This year was the second year that we worked at the Westminster Dog Show's Green Room, located at the Penn Hotel. The Green Room is Judy Davis' brain child. It is essentially a big doggie spa. It is a place for the dogs to be groomed and for owners to purchase products and services from a variety of vendors. For example, there is a pet masseuse, psychic, and people selling a variety of different pet related valuables. There is also a place for the dogs to use the 'pet-a-potty.'

From the Green Room, many of the show's dogs will make a direct march across the street into the Garden (where the dogs are benched). As many of you may remember from last year, it was a difficult show for us. It was our first big show and we were completely out of our league. We were so lucky that we had the help that we had from forum members like Jim Garvie, Preston Smith, Jim Poor, Julie Poole and Helmi and Ken Flick. However, even with all that prep from some really competent people, making the returns that we needed to justify the hours and expense was really hard to do.



I really do not want to portray the 2009 dog show as a failure. It really was not. The show was a success in many different ways. While we did not earn a ton of money in last year's show, our connection did open up several doors for us. We wound up meeting several people and working on benefits where we were featured. We even recently were invited to the Board of Advisors for a local Society for the Prevention of Cruelty to Animals (SPCA). Also, the show brought us enough recognition that we wound up getting calls from a variety of clients who wanted to be photographed by us because we did the show... the 'Super Bowl of Dogs.'



While the dog show is actually only two days long, the dogs start coming to the Penn far earlier. The show's commitment is actually five days. Also, the set up and break down for the show is laborious. So, if you are going to do the show, you really need to make efforts to do it right. Having looked deep into myself and at what things we felt went 'wrong' during the year prior, we decided to retool.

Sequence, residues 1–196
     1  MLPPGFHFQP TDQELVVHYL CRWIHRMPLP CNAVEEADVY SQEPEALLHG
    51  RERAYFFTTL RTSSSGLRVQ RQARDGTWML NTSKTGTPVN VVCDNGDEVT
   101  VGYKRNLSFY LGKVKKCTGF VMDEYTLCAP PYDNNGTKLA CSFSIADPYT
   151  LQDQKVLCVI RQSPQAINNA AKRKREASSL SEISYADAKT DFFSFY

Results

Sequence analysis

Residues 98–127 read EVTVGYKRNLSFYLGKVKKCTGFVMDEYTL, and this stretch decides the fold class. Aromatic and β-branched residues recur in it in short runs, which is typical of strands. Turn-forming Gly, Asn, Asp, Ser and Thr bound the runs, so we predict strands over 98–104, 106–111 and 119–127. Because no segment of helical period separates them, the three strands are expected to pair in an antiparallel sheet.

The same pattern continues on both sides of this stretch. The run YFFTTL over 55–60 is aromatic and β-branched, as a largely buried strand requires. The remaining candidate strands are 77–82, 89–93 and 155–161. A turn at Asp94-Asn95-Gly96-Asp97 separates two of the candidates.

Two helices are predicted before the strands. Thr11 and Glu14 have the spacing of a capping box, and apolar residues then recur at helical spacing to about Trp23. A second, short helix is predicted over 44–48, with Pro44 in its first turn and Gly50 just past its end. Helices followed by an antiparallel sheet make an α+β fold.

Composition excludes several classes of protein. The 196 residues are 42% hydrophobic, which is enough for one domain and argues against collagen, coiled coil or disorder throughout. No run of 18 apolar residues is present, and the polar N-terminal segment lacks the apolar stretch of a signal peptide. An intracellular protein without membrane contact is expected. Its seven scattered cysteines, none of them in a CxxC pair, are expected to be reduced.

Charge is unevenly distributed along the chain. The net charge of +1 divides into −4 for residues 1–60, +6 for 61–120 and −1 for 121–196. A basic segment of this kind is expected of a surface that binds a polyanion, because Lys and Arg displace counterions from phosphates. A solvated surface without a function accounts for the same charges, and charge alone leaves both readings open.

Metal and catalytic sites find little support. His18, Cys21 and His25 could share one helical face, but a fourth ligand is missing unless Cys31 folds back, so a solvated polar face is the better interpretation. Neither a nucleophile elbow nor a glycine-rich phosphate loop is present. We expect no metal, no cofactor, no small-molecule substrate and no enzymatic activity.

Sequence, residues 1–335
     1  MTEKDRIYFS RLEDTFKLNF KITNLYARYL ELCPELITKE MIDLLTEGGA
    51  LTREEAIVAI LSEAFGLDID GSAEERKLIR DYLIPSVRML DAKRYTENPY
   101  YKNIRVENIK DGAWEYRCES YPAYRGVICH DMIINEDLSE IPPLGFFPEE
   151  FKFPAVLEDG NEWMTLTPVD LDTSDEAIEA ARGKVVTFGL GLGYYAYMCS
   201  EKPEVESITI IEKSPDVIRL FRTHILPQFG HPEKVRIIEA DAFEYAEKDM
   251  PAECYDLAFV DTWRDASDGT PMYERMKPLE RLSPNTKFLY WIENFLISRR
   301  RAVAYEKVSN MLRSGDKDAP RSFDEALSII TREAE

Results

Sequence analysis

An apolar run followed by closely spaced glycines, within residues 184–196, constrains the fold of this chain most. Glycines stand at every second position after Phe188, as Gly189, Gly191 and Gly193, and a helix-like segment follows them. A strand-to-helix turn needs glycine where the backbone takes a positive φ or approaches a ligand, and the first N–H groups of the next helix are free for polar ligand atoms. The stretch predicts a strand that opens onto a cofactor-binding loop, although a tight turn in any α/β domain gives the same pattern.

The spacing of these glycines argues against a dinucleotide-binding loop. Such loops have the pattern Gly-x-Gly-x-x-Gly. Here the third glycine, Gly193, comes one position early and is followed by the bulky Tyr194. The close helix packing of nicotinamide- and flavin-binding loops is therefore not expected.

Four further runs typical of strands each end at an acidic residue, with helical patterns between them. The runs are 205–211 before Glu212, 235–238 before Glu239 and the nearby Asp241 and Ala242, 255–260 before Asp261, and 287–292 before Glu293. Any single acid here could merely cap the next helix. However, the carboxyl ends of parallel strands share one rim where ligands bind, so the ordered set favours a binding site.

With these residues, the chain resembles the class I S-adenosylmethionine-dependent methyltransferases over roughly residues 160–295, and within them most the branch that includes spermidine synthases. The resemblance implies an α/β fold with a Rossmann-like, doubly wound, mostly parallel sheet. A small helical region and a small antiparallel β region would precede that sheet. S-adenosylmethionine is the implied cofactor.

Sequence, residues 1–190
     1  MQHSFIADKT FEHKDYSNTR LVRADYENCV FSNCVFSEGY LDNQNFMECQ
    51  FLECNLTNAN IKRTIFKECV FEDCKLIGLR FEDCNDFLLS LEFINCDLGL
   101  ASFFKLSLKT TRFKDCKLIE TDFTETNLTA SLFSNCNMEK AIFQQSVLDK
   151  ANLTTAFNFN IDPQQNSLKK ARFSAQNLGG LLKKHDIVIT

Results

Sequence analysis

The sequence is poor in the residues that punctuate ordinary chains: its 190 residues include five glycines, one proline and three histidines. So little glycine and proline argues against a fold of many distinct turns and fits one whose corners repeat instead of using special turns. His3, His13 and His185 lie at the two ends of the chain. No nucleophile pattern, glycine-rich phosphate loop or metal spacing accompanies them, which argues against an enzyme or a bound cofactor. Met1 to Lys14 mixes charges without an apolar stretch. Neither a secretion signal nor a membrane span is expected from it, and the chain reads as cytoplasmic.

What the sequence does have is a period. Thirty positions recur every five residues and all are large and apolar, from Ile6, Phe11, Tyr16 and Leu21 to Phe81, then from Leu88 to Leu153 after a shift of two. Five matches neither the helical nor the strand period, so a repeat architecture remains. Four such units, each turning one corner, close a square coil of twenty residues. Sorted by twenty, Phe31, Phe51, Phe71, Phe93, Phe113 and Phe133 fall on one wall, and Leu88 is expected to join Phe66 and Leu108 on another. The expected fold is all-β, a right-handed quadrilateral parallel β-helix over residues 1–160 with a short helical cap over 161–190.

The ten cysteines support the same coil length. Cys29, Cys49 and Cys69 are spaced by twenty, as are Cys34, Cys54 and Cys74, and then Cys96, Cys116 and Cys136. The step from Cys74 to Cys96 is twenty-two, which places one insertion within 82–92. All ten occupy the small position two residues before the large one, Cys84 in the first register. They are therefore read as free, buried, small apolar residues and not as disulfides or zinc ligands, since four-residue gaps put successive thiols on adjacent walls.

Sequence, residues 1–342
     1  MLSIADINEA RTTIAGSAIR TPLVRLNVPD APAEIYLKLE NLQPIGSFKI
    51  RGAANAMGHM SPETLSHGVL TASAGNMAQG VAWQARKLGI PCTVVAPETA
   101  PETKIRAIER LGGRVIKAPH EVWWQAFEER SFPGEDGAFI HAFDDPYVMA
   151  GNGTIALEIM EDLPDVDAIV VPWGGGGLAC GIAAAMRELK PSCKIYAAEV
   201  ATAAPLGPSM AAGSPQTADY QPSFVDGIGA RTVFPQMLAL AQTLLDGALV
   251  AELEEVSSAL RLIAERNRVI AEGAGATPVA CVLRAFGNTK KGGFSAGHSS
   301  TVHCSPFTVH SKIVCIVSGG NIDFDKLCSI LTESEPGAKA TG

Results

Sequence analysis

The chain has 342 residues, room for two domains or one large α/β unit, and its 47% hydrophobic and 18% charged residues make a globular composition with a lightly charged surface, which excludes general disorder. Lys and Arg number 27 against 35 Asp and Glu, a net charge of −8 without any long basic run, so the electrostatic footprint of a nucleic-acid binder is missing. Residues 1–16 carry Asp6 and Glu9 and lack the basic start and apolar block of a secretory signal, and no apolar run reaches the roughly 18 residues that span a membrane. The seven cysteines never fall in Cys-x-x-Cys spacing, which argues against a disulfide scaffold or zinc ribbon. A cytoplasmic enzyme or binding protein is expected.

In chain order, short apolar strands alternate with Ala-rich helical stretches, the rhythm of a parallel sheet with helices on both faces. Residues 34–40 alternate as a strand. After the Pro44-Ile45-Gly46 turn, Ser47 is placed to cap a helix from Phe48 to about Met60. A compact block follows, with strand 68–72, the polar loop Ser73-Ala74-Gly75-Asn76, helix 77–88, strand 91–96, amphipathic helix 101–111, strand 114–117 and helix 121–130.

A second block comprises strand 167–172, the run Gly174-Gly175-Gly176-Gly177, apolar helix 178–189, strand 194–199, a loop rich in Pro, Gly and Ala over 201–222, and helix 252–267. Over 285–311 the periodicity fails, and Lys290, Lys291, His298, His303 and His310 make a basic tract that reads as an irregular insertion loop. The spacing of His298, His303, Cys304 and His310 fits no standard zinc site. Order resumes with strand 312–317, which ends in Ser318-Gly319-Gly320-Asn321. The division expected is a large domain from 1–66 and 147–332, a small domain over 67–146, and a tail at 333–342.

The first thing that we did was expanded our stall space. Last year we had 1 and 1/2 spaces. This year we took a full two spaces, giving us a lot more room to work in. It was also significantly cooler for the dogs (a complaint from last year).



The second thing that we did was spend a lot of money on high end photographs to show around the facility. To this end, we purchased eighteen 18x24 inch facemount prints. For those not familiar with facemounting, the photograph is essentially adhered to a glass plane. The results are spectacular and almost 3 dimensional. We also purchased a ton of signage that highlighted our work. I am pushing my facemount (Fracture Me - check them out) printers to move towards bigger prints. 18x24 is nice, but I really would like to make some 20x30s for next year's show.



The third thing we did was work with the show promoter (Judy) to get a quieter location than we had last year. This year we were actually outside of the Green Room, but it was significantly quieter given that we no longer had to compete with the sound of the dryers.



The last, and also significantly important, thing that we did was change our pricing structure. Instead of charging sitting fees, we worked on the philosophy of 'results oriented' sales. You sat for free and purchased what you liked. I learned from several people last year that name means everything. People may be willing to blow a chunk of change on a known quantity, but much less likely on someone who is relatively unknown. I was convinced that if I could book the dogs that I could make the show - and possibly earn a small profit. While the gut inclination is to increase print prices to make up for the lack of sitting fee, we decided to keep them relatively affordable. You could get a 5x7 for $15 (show price) bucks or an 18x24 facemount for $300.



To make a long story short, this year was a stunning success. We booked 30 different breeds (and a few repeats). I was so busy that I almost did not know what to do. Most importantly, we actually did well enough that I have already decided to do the show in 2011. We were also approached about having our images licensed by a painter in a tourist town out West. Last, we briefly made it on national television on two channels. Next year...shirts that say, "Wild Coyote Studio."

Sometimes it pays to believe in yourself. Just as importantly, it is important to look at yourself and learn from your own mistakes...then get up and do it again. Anyway, for those who are interested, the bottom shot was our 'studio.' We used a very similar lighting set-up to the one that Helmi Flick shared in her interview. I apologize for the graininess of the photograph. It was taken hand held at ISO 1600 with my Oly Pen E-P2.




Just a friendly reminder that this article is Copyright 2011 and may not, in part or in whole, be reproduced in any electronic or printed medium without prior permission from the author (James Morrissey). The images in this article are the property of James Morrissey and may also not be reproduced without written authorization.

Last edited by James Morrissey; 04/08/11 05:32 PM.